Sometimes the Rules of Thumb blog from MoneyThumb discovers a subject so fascinating that we can't help but share it with our readers. Today the subject is why other people concern themselves so much with how you spend your money. We were prompted to discuss this subject after reading the newsletter of Financial Samurai, where there was a link to this exact discussion in their forum.
We have taken the liberty of sharing a small portion of what one forum member, Polama, had to say on this subject since it really does put things into perspective:
"There are three traits that I think all of us are guilty of from time to time, but that maybe 15% of the population is just terrible about.
The first is an inability to see things from a different perspective. If buying something would be irresponsible for you, it must be irresponsible for everyone. If you had advantages in life, then everyone must have those (and those who fail must be morally bankrupt). If you had disadvantages in life, then anyone who succeeds must have cheated.
The second is a tendency to substitute people in our past life in for others. Perhaps you had a boor of an uncle who droned on about all his stock-picking prowess. Perhaps you got cut off in traffic by a fancy luxury car. Now suddenly anybody with a fancy car is a jerk, or anyone actively trading stocks in a loudmouthed idiot.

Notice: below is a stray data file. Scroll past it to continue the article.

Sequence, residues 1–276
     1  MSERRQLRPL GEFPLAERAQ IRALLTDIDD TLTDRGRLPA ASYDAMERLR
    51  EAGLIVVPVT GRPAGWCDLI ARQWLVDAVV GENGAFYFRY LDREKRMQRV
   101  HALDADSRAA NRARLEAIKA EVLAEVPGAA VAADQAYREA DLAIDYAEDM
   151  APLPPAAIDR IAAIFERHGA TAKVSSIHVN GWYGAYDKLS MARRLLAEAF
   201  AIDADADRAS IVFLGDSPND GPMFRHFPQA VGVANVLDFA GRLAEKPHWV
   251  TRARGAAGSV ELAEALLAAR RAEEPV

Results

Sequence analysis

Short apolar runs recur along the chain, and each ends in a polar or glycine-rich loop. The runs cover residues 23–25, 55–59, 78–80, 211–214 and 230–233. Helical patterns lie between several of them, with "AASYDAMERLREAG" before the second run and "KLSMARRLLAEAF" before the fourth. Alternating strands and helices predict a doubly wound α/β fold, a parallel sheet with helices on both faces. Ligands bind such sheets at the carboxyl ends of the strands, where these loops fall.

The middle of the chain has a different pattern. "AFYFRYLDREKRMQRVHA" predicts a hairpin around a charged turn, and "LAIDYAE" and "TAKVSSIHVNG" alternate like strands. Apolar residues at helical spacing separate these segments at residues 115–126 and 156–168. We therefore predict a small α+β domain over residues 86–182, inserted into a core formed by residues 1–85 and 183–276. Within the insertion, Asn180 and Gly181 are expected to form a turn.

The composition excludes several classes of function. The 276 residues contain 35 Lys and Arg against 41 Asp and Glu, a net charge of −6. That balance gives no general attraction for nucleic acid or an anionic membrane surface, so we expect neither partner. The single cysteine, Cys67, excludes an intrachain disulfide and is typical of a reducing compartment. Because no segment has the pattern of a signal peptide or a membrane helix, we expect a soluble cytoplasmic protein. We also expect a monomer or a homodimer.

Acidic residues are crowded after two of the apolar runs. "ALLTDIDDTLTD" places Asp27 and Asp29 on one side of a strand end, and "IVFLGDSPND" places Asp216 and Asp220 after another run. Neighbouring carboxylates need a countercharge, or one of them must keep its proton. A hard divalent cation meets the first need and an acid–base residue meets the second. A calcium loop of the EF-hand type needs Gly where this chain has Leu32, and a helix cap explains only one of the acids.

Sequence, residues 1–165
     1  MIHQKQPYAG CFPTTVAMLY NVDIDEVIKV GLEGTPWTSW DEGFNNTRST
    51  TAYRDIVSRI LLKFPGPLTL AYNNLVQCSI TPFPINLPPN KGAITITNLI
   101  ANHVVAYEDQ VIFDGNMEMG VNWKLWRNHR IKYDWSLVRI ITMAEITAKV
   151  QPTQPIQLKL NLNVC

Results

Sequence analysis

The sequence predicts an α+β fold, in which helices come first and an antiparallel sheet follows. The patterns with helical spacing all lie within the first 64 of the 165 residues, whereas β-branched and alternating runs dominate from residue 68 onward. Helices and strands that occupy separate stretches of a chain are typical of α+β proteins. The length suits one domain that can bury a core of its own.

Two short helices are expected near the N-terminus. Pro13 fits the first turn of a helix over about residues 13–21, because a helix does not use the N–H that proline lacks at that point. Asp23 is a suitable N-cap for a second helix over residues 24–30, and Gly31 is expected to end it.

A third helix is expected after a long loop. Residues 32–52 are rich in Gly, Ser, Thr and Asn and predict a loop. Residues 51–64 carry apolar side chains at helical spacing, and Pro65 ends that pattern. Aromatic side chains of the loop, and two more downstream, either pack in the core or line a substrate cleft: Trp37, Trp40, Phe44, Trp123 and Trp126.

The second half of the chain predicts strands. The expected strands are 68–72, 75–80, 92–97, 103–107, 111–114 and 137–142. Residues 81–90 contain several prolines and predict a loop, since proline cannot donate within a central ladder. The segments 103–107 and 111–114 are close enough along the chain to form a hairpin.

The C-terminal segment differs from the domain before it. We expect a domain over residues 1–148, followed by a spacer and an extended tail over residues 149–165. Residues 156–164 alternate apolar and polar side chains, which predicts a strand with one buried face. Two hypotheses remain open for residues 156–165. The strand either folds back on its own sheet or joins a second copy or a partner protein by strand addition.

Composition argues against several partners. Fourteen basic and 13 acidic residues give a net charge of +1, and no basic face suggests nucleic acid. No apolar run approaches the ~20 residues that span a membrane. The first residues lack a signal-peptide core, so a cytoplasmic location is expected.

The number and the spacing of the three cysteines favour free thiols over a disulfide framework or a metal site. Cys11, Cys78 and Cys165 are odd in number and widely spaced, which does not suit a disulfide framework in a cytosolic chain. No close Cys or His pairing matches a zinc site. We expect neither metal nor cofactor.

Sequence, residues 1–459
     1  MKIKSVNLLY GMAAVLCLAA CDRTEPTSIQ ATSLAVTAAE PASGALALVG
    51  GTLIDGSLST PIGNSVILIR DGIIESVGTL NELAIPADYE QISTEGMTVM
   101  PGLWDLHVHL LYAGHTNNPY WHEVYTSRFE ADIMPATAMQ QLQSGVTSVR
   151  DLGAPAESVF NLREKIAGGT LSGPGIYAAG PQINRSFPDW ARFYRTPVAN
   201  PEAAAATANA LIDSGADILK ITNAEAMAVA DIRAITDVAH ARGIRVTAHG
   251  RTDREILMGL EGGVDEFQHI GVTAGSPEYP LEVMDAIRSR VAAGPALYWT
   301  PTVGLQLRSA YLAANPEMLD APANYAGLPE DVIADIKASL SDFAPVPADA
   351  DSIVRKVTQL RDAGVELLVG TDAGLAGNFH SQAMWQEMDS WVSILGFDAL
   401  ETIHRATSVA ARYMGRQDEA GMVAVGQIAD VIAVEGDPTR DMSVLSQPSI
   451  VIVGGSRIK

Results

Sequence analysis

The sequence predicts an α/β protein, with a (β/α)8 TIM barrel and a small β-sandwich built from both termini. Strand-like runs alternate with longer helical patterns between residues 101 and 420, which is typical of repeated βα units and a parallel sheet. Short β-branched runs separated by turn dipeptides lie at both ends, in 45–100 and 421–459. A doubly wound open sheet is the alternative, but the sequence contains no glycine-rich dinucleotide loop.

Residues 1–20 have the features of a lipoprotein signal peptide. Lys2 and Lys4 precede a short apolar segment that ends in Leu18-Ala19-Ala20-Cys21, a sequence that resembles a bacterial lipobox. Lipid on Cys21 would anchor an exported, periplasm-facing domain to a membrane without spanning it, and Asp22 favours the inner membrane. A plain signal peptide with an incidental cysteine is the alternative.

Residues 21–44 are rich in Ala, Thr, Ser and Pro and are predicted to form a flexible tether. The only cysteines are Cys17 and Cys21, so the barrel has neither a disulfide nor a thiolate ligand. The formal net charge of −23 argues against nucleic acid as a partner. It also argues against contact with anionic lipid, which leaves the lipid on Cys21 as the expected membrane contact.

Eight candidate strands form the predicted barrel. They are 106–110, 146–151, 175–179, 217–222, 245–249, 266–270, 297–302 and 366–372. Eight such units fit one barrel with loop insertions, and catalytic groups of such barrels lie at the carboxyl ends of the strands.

The third is good old cognitive dissonance meshed with a poor grasp of uncertainty. If you say I should do one thing, and I recently did something different, one of us must be wrong and it's not going to be me. And the more you make sense, the wronger you have to be to balance out that my choice was the right one.
Those three points make a lot of sense about why other people concern yourself with how you spend your money. As with most everything in life, it just goes to show that the majority of the time, what someone else thinks or says about you is usually about them, not you. A good lesson to remember for a much happier and calmer 2019: Don't concern yourself too much with other people and their opinions. Just keep doing your best every day, but try to be smart when spending your money.
To help with that, the Rules of Thumb blog from MoneyThumb has listed some good spending habits below that each of us can get behind:
- Give yourself a solid reason to spend wisely
- Live on a budget
- Actively practice gratitude
- Research before you shop
- Avoid your spending triggers
- Find an accountability partner
- Don't shop while you wait
- Develop Patience
- Always be saving
- Anyone can be an investor